You are here:
Home > Departments > Pathology > Forensic Pathology
Pathology is a medical specialty that concerns the diagnosis of disease through examination of body tissue and fluids. There are two main branches of pathology – anatomic and clinical. Anatomic pathology involves examination of body tissues removed from the body. Surgical pathology and cytology are the two most familiar areas since they deal with biopsy or surgical specimens and/or cell examinations like the PAP smear. Clinical pathology evaluates body fluids. Areas of clinical pathology include chemistry, microbiology, hematology, and blood banking. Forensic pathology is a subspecialty of pathology that applies the techniques of anatomic and clinical pathology to legal issues.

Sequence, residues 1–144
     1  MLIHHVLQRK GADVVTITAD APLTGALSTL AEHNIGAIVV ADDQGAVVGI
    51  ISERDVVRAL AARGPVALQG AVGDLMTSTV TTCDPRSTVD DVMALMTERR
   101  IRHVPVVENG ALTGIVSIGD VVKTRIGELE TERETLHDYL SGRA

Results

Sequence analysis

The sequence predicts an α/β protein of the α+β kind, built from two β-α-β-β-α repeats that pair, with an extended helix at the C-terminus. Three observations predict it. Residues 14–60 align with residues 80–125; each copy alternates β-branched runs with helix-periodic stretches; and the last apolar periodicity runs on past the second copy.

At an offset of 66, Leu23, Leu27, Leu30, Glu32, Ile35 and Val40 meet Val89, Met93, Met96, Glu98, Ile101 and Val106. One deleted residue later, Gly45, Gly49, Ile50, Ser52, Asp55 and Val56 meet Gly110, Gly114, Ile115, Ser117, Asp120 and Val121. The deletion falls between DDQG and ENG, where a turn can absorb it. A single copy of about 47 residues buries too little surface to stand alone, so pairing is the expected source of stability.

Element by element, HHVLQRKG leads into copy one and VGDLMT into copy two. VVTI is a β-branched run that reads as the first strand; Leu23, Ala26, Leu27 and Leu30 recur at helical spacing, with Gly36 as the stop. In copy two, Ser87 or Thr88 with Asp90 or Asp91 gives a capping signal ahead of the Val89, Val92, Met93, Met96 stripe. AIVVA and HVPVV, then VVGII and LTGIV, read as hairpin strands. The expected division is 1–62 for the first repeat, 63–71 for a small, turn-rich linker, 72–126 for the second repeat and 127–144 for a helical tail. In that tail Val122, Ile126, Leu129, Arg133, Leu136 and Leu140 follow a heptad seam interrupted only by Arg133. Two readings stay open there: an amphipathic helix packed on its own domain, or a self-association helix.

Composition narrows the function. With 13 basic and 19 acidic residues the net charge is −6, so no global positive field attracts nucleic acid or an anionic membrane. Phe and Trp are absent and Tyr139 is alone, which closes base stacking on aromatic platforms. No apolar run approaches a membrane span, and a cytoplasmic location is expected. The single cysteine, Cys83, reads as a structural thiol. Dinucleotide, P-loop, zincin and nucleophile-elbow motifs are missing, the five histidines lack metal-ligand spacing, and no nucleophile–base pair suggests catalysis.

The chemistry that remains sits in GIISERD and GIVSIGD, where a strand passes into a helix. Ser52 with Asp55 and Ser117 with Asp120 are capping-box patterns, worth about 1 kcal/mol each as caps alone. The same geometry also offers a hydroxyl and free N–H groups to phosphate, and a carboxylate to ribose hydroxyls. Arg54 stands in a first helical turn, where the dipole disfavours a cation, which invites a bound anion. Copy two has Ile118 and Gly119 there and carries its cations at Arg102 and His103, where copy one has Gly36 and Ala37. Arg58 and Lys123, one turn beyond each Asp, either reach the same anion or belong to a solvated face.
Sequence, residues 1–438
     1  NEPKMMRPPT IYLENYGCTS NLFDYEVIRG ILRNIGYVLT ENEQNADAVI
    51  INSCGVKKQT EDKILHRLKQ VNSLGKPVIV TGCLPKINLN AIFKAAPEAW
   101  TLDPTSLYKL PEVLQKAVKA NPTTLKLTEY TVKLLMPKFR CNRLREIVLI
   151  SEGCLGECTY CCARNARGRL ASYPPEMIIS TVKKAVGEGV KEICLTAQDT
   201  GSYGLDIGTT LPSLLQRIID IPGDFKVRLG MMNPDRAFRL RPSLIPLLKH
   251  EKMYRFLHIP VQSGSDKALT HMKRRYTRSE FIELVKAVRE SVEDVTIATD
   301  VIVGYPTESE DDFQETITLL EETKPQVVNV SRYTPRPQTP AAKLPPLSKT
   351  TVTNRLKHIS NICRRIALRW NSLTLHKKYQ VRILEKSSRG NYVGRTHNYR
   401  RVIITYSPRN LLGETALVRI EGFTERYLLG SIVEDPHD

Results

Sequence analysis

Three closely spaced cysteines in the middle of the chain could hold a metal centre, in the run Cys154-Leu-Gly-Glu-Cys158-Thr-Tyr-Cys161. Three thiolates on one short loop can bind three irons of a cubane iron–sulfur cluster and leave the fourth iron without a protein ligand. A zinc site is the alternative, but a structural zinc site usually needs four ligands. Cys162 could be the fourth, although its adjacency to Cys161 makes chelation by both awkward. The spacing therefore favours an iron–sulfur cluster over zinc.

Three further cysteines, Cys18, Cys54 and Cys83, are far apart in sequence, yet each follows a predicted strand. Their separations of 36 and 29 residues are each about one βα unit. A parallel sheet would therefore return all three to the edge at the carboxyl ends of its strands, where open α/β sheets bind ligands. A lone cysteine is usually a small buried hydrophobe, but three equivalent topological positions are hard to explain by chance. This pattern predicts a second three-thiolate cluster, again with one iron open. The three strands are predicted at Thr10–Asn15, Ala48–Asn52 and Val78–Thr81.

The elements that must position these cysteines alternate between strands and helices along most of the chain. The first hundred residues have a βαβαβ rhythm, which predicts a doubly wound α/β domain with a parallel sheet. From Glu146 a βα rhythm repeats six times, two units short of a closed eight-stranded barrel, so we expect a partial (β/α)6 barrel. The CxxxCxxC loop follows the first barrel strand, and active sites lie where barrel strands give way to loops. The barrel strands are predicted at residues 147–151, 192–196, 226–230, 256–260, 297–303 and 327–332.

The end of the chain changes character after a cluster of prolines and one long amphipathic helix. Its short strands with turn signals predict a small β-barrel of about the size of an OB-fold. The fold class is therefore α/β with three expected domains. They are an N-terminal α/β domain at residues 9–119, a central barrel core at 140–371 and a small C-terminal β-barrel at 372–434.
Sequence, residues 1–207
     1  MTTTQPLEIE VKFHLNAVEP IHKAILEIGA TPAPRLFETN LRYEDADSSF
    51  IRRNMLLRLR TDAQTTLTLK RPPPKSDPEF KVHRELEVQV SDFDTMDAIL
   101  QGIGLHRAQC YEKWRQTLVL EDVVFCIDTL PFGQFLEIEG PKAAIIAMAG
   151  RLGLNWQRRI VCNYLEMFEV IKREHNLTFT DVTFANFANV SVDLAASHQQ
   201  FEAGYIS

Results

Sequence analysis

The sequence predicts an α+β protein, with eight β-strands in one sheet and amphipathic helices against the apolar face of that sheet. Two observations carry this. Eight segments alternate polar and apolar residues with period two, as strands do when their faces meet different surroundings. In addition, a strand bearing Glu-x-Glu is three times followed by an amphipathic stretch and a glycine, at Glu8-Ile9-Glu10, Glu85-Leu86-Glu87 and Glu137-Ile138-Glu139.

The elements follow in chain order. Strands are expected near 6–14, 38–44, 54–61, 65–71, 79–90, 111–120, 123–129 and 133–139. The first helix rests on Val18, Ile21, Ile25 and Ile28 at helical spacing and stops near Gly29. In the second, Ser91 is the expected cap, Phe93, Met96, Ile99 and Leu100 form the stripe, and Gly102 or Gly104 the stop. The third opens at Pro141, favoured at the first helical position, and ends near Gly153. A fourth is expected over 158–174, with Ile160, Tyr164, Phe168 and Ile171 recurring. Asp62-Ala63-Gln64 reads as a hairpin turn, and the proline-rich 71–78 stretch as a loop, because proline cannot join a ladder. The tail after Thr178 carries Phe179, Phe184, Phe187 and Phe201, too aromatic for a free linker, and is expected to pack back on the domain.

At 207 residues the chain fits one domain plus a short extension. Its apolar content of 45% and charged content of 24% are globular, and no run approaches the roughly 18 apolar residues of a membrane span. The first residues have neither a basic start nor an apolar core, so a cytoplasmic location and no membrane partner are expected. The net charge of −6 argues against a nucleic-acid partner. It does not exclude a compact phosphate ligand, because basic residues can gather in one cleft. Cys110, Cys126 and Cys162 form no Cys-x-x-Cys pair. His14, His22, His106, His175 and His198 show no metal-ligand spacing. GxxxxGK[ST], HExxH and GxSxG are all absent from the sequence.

- Medical degree (MD or DO) - Most of the physicians at the Medical Examiner’s Office have Bachelors degrees as well as Medical degrees.
- Anatomic (and Clinical) Pathology residency – Although Clinical Pathology is not a requirement for board certification in Forensics, most of the physicians at the Medical Examiner’s Office are trained in Clinical Pathology (requiring an extra year)
- Forensic Pathology fellowship – an additional one to two years of intensive training
- Board certification through the American Board of Pathology in Anatomic (and Clinical) Pathology and Forensic Pathology – Board certification assures that the physician has successfully completed training at an accredited institution and has passed an examination covering those areas of study, thus demonstrating competency in their area of expertise.